Philip Seymour Hoffman double-bill.
140. Dumbo (A-)
141. Smiles of a Summer Night (A)
142. The Ides of March (B)
Not a great movie, but a good one. It's rather like Clooney's Good Night, and Good Luck
in that the trailer pitches it as much more dramatic than it actually is; Clooney's dramatic instincts on his own projects tend to be fairly low-key. As the reviews have noted, there's nothing new here in terms of message, though to be honest I'm not sure whether there's much new to be offered about the moral nature of modern political campaigns. It's a dirty business, and everyone knows it. Anyway, the film's a solid piece of adult-oriented filmmaking. It has a great cast who all do good work, including another strong Ryan Gosling performance this year. The cast standout is really Evan Rachel Wood, whose role contains the most surprises if you're only watching the advertising; if anyone here deserves awards consideration, it's her. The director himself is also very good in his big scene at the end.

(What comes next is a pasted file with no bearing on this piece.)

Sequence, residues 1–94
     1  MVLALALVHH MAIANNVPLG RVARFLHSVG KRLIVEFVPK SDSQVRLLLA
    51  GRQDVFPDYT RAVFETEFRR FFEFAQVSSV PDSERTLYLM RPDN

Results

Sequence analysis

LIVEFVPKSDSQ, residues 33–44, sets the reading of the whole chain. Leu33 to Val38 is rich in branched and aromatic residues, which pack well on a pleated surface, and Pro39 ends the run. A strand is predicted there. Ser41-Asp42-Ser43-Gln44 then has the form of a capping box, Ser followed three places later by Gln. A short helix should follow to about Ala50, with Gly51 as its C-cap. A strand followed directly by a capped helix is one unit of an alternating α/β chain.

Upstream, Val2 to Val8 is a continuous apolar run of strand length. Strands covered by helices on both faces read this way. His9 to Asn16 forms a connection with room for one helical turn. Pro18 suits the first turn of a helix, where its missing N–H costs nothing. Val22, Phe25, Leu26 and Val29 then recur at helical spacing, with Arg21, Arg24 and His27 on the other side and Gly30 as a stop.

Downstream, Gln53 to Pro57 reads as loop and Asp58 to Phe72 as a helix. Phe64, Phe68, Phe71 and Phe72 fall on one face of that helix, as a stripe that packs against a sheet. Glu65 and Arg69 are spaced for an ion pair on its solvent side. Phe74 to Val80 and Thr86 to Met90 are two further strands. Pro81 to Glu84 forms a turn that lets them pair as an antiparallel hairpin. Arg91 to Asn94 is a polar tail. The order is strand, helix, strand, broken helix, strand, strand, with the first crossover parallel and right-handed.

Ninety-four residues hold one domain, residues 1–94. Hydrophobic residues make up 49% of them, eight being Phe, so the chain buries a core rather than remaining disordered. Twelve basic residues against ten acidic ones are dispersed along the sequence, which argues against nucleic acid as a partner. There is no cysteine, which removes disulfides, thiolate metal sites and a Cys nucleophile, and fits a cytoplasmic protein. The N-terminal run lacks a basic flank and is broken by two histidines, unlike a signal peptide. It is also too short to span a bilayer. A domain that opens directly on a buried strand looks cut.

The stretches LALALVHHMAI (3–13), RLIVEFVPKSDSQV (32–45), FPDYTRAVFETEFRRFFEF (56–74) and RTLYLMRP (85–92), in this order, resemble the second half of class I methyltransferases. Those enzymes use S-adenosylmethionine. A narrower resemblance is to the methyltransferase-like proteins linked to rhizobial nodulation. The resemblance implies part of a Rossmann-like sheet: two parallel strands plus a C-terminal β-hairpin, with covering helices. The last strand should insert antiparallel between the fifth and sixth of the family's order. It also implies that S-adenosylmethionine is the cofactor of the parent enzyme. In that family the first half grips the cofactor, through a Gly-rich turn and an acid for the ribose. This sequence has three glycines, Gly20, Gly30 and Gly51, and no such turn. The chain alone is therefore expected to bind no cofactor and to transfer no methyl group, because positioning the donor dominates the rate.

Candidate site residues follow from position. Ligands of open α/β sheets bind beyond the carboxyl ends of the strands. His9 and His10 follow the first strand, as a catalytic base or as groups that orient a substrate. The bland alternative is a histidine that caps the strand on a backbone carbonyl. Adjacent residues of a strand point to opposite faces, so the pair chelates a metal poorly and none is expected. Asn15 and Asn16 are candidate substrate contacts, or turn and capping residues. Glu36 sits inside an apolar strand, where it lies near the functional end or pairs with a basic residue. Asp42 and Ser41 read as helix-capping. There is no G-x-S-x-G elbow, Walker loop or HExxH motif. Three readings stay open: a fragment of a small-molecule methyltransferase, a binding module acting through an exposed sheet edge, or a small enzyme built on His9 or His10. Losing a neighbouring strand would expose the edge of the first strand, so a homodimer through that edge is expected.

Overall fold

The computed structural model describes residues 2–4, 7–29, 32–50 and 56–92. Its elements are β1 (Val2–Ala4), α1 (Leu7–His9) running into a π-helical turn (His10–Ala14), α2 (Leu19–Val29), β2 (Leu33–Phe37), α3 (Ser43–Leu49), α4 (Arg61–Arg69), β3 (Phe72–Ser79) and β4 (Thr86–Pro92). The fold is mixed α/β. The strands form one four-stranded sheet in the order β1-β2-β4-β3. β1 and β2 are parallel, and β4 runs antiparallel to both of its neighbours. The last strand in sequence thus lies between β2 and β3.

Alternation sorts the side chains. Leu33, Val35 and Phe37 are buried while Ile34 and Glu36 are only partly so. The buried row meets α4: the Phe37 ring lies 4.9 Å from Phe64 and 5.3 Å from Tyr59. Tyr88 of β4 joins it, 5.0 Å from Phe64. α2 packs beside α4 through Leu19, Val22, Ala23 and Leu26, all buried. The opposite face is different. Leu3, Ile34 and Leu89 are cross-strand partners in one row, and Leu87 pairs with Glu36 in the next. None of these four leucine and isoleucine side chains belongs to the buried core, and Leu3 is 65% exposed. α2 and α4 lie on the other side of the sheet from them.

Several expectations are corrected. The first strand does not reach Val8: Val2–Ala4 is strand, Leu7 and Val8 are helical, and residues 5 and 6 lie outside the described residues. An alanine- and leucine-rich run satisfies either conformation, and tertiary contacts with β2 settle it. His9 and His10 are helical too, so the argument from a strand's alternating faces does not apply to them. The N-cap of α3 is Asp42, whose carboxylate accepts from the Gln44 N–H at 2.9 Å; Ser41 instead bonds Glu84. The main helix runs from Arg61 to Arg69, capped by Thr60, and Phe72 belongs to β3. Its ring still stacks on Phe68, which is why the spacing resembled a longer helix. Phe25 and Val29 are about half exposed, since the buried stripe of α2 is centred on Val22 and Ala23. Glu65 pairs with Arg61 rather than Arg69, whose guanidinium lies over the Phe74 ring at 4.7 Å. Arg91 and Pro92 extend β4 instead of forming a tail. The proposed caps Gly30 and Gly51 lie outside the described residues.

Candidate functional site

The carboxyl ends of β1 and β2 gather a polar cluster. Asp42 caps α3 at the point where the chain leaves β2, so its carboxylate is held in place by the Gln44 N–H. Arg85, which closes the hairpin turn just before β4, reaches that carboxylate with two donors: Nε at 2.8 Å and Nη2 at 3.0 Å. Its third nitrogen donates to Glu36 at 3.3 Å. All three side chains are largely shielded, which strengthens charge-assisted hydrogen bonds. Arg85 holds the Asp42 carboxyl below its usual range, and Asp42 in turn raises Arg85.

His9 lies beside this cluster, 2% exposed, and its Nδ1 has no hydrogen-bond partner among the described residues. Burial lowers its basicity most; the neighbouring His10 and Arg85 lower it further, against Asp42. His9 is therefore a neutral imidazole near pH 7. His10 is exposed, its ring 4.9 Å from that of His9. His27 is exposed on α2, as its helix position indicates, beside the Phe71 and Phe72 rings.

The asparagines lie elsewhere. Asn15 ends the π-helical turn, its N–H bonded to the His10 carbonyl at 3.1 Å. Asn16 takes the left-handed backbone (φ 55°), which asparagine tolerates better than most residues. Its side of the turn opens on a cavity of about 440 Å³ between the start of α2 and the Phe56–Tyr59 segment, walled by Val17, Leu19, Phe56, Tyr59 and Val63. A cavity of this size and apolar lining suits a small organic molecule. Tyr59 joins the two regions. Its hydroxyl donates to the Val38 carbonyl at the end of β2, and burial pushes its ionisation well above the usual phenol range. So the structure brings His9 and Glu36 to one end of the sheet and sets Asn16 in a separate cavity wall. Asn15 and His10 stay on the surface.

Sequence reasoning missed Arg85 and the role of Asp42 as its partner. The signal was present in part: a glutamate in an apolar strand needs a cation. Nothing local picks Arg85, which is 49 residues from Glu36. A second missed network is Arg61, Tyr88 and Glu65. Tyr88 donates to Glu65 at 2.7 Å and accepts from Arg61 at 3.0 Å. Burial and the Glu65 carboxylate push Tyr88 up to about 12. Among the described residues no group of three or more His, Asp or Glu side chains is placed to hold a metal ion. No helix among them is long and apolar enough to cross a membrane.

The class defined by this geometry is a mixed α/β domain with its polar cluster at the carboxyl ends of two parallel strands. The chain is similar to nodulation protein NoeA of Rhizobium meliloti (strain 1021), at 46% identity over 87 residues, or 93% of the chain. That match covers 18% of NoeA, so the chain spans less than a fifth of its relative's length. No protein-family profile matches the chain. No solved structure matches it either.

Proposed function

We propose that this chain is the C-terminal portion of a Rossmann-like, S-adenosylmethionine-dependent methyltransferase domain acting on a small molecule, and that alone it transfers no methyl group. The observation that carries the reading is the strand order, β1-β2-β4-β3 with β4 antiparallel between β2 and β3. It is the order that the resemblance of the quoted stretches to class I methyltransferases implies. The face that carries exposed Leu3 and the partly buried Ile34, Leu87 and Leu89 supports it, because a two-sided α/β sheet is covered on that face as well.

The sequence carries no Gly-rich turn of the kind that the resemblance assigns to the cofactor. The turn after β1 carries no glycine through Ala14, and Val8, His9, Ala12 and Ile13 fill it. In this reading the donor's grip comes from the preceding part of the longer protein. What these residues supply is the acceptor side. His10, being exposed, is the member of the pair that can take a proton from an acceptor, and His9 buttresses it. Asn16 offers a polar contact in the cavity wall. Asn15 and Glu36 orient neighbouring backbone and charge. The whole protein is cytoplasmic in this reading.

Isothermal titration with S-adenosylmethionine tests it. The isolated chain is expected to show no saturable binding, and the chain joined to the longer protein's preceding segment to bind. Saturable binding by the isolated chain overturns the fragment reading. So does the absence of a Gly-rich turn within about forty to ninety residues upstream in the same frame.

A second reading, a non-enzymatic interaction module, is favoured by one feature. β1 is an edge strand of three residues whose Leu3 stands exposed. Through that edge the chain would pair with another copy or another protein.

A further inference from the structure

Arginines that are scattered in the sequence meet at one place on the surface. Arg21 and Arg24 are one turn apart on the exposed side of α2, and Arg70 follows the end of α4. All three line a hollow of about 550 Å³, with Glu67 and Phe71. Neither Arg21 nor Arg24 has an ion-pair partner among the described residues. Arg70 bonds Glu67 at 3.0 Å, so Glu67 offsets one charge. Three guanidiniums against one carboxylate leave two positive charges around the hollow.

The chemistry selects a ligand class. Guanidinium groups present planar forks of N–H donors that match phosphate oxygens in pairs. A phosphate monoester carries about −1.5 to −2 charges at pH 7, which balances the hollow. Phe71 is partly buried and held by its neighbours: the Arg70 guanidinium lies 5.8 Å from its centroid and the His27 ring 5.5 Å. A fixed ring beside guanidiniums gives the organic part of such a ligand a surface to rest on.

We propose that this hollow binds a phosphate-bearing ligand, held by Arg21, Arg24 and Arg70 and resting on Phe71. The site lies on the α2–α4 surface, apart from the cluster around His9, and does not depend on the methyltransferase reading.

143. Moneyball (A-)
Baseball bores me to tears as a spectator sport (as do, well, most spectator sports other than hockey), but this was a very good movie. Capote
, Bennett Miller's previous movie, I thought had an admirable level of craft but was too antiseptic to fully succeed. Here I think he strikes a much better balance; it never becomes sentimental, but the human element really comes across. Particularly given that this is a movie about statistics supplanting "common sense" baseball tactics, the balance of statistics versus sentiment is especially important. Soderbergh was originally going to direct this, and it'd be interesting to see how he approached it, but I think Miller's style is a pretty good fit with Soderbergh. Aaron Sorkin and Steve Zaillan's screenplay does a great job of making a movie that is basically about statistics interesting to watch; fittingly, given the subject-matter, the actual players are only seen in glimpses and none have real arcs, but the bits we see of them are very effective. Brad Pitt gives a great lead performance, backed up nicely by Jonah Hill in a supporting role considerably more understated than then norm. The final message about succeeding in changing the game but not personally winning the big prize is nicely bittersweet (and taken from real life, so I suppose they really couldn't approach it another way).